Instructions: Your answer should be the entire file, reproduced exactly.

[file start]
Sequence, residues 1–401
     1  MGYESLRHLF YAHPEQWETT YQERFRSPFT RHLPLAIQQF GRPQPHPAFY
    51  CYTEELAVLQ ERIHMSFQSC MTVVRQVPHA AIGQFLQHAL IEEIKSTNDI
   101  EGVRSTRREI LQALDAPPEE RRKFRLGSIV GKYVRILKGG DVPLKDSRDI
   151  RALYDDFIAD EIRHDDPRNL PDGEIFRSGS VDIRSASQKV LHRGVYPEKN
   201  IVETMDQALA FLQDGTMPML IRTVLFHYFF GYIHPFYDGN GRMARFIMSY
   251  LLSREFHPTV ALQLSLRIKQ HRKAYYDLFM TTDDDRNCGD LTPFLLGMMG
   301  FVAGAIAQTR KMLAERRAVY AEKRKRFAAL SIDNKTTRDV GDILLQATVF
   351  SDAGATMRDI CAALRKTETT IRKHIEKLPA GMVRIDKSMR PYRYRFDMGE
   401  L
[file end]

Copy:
Sequence, residues 1–401
     1  MGYESLRHLF YAHPEQWETT YQERFRSPFT RHLPLAIQQF GRPQPHPAFY
    51  CYTEELAVLQ ERIHMSFQSC MTVVRQVPHA AIGQFLQHAL IEEIKSTNDI
   101  EGVRSTRREI LQALDAPPEE RRKFRLGSIV GKYVRILKGG DVPLKDSRDI
   151  RALYDDFIAD EIRHDDPRNL PDGEIFRSGS VDIRSASQKV LHRGVYPEKN
   201  IVETMDQALA FLQDGTMPML IRTVLFHYFF GYIHPFYDGN GRMARFIMSY
   251  LLSREFHPTV ALQLSLRIKQ HRKAYYDLFM TTDDDRNCGD LTPFLLGMMG
   301  FVAGAIAQTR KMLAERRAVY AEKRKRFAAL SIDNKTTRDV GDILLQATVF
   351  SDAGATMRDI CAALRKTETT IRKHIEKLPA GMVRIDKSMR PYRYRFDMGE
   401  L